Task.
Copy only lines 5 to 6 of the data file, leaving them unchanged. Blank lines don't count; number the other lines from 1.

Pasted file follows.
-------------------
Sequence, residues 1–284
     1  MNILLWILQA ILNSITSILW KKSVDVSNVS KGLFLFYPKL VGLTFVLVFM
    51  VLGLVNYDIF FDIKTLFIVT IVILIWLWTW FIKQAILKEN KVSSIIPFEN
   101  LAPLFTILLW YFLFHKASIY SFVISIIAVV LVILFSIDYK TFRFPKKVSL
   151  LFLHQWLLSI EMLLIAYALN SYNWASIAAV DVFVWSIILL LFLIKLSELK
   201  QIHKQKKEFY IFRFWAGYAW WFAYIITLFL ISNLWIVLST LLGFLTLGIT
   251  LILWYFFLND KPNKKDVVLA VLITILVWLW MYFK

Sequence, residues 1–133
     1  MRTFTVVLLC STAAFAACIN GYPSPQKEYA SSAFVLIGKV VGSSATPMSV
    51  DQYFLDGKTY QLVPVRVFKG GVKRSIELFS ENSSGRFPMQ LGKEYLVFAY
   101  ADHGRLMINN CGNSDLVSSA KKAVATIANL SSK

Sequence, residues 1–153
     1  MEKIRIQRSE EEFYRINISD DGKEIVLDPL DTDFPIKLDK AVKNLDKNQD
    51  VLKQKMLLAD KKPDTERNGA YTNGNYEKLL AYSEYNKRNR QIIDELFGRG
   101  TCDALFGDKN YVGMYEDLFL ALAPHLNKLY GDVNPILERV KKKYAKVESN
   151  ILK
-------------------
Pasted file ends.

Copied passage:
   151  LFLHQWLLSI EMLLIAYALN SYNWASIAAV DVFVWSIILL LFLIKLSELK
   201  QIHKQKKEFY IFRFWAGYAW WFAYIITLFL ISNLWIVLST LLGFLTLGIT